Frédéric Zigante has become one of the major concert guitarists to emerge over the last thirty years and his international reputation rests as much on research and teaching as it does on performing and making records. Indeed, Mr. Zigante’s whole approach to his art is quite unlike what might be commonly expected of a guitarist. Mr. Zigante was born in France and grew up in Turin, in the north of Italy. He studied guitar with Alirio Diaz, Alexandre Lagoya and Ruggero Chiesa, and was awarded his diploma at the Conservatorio in Milan. He was still very young when he embarked upon a concert career which was to take him well beyond the confines of his native Italy, to Great Britain, Hungary, Greece, Spain, Germany, France, Switzerland, Japan, Holland, China, Poland, Norway, Finland and Singapore. Mr. Zigante has performed at such major classical venues as Suntory Hall in Tokyo and the Concertgebouw in Amsterdam.
Mr. Zigante has recorded widely, both for such labels as Frequenz, Arts, Stradivarius, Adda and Naxos and for radio broadcasting organizations such as the BBC, Radio France, Radio Suisse Romande, Rundfunk der DDR and the Rai in Italy. Both his playing and writings have won him the attention of a number of specialist publications throughout the world, (Classical Guitar in Britain, Guitar Review in the USA, Gitarre & Laute in Germany, Gendai Guitar in Japan and Il Fronimo, Seicorde and GuitArt in Italy), and he has been the subject of articles and appeared on their front covers many times.
Mr.Zigante is renowned as a specialist in the repertoire of the early nineteenth century. He has delved deep into matters of performance practice and style, which has led him to write to many studies and articles in the specialist press. His recordings of the complete works of Paganini for solo guitar, of Le Rossiniane by Mauro Giuliani, of the works for voice and guitar by Ludwig Spohr, and unpublished items by Napoleon Coste have all led to such awards as the prize of the First Italian Guitar Convention, (Primo Convegno Italiano di Chitarra) in 1996 for the best recording of the year.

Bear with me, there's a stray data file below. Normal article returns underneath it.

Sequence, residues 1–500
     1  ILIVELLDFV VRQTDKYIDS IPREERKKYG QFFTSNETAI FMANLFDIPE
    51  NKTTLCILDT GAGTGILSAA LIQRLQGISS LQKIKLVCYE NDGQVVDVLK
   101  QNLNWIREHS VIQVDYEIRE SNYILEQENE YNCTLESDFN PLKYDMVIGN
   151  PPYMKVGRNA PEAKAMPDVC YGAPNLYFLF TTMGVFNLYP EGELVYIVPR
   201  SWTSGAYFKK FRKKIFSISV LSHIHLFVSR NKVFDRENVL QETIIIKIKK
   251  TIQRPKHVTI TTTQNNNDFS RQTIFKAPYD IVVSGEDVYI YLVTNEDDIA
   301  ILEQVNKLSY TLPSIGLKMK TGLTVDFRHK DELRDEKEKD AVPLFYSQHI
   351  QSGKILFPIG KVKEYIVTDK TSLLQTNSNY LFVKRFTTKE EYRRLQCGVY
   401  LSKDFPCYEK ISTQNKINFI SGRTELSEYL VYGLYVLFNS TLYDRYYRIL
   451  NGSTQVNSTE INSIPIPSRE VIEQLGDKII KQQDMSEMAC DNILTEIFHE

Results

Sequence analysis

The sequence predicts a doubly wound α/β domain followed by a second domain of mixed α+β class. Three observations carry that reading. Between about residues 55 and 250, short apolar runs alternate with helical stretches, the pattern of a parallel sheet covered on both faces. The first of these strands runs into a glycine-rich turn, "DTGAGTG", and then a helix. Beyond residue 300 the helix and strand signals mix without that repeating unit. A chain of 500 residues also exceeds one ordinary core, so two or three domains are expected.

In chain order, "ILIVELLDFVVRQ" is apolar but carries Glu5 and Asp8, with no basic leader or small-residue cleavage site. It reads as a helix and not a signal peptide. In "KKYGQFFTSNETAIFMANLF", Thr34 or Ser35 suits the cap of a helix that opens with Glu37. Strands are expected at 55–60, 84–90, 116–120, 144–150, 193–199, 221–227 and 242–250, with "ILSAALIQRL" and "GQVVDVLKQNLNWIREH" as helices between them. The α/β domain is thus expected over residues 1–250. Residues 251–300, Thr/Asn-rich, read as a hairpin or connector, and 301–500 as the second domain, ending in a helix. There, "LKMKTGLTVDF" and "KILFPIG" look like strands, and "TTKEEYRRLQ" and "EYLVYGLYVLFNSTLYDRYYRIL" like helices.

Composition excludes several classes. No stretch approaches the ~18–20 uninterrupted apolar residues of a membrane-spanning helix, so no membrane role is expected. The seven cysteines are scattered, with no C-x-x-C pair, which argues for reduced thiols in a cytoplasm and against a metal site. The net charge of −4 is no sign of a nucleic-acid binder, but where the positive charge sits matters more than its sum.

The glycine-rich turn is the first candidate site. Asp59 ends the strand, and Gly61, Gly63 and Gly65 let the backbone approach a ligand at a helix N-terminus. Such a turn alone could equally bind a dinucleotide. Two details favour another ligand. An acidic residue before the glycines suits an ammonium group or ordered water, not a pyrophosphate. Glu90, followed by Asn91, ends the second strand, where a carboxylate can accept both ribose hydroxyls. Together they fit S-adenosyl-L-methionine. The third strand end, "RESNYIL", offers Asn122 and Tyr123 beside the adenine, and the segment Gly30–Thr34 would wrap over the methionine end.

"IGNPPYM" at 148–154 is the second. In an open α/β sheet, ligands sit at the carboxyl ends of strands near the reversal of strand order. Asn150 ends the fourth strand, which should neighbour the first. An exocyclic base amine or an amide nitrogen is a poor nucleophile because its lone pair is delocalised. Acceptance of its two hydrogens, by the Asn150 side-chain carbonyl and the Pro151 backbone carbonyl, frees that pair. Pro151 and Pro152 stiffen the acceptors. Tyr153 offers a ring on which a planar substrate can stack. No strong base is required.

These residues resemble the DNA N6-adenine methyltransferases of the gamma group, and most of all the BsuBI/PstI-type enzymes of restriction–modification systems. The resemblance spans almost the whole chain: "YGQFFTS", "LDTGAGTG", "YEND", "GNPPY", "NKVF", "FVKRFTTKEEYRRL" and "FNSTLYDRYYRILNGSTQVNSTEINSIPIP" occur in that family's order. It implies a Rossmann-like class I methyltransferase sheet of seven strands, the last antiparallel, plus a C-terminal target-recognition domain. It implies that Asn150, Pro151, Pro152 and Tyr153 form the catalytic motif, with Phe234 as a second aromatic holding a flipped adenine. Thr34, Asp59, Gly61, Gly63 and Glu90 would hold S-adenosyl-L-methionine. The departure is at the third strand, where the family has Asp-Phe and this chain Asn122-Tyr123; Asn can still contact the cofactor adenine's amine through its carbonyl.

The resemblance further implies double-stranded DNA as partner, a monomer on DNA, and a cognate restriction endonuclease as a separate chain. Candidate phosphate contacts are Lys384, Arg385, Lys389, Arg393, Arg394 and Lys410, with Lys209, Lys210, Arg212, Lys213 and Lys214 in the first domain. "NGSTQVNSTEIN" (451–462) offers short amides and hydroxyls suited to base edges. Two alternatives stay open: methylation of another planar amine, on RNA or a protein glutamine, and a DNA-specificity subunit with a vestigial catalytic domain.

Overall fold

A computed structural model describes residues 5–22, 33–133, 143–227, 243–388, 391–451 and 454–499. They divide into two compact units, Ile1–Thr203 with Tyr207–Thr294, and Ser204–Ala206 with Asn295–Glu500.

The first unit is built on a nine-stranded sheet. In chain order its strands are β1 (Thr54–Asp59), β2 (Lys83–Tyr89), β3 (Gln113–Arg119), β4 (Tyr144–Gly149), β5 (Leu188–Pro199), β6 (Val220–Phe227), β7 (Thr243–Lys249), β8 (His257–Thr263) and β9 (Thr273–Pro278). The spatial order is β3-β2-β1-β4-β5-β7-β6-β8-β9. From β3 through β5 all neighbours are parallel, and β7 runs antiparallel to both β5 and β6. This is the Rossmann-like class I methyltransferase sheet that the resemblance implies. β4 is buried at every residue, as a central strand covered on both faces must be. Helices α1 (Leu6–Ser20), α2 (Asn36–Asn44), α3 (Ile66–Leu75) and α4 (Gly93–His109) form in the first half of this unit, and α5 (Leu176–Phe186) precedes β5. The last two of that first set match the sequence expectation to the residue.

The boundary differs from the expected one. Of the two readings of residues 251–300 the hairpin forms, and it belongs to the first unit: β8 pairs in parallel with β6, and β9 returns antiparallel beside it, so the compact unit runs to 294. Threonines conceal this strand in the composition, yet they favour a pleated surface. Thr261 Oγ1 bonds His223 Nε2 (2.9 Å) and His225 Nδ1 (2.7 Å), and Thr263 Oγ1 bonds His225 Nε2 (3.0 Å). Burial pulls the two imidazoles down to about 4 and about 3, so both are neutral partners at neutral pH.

Mr.Zigante is no less interested in the development of the guitar in contemporary music and has performed a number of major works for the instrument composed in the twentieth century, such as his world première of Franco Donatoni’s Marches II, Alexandre Tansman’s Passacaille, Boris Asafiev’s Concerto and Italian première of Frank Martin’s Poèmes de la mort, Hika by Leo Brouwer and Electric Counterpoint by Steve Reich. Mr.Zigante was also responsible for the rediscovery of the Concertino pour Guitare et Orchestre by Alexandre Tansman, of which he gave the world première concert performance in 1995 and subsequently produced the first recording. He has also recorded the complete works for guitar by Villa Lobos and is the first to have made a careful study of the original manuscripts in preparation for his recording. His research activities inspired Editions Max Eschig to offer him the task of a new critical edition of Villa Lobos’ complete works for the guitar. During the preparatory work on the original manuscripts Frédéric Zigante discovered a totally unknown work by the Brazilian composer: the Valse-Choro that was initially conceived for a primitive version of the Suite populaire brésilienne.
Mr.Zigante also supervises the publication of three series of scores for guitar with Edition Max Eschig/Durand in Paris (The best of, Signature, Guitar library), and the Ida Presti- Alexandre Lagoya Collection whit Berbèn.
His activities include teaching at the Milan Conservatory, together with various master classes both in Italy and around the world (Switzerland, France, Spain, China and Japan).